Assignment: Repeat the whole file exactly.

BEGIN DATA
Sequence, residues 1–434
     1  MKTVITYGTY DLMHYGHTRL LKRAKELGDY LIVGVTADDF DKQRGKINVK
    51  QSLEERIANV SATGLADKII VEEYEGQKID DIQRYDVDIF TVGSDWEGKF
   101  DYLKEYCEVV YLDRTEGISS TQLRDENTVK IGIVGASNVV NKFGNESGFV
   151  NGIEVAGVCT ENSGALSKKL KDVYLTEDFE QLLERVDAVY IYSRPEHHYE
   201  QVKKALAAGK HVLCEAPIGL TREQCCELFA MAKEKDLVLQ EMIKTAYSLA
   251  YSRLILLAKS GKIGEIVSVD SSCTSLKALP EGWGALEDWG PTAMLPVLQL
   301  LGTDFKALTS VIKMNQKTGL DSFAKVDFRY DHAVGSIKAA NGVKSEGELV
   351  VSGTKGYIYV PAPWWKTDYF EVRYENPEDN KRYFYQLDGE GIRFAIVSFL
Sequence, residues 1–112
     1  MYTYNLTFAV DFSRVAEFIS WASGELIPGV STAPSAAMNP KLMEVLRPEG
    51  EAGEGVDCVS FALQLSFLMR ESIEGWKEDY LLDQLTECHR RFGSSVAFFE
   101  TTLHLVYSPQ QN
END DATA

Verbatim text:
Sequence, residues 1–434
     1  MKTVITYGTY DLMHYGHTRL LKRAKELGDY LIVGVTADDF DKQRGKINVK
    51  QSLEERIANV SATGLADKII VEEYEGQKID DIQRYDVDIF TVGSDWEGKF
   101  DYLKEYCEVV YLDRTEGISS TQLRDENTVK IGIVGASNVV NKFGNESGFV
   151  NGIEVAGVCT ENSGALSKKL KDVYLTEDFE QLLERVDAVY IYSRPEHHYE
   201  QVKKALAAGK HVLCEAPIGL TREQCCELFA MAKEKDLVLQ EMIKTAYSLA
   251  YSRLILLAKS GKIGEIVSVD SSCTSLKALP EGWGALEDWG PTAMLPVLQL
   301  LGTDFKALTS VIKMNQKTGL DSFAKVDFRY DHAVGSIKAA NGVKSEGELV
   351  VSGTKGYIYV PAPWWKTDYF EVRYENPEDN KRYFYQLDGE GIRFAIVSFL
Sequence, residues 1–112
     1  MYTYNLTFAV DFSRVAEFIS WASGELIPGV STAPSAAMNP KLMEVLRPEG
    51  EAGEGVDCVS FALQLSFLMR ESIEGWKEDY LLDQLTECHR RFGSSVAFFE
   101  TTLHLVYSPQ QN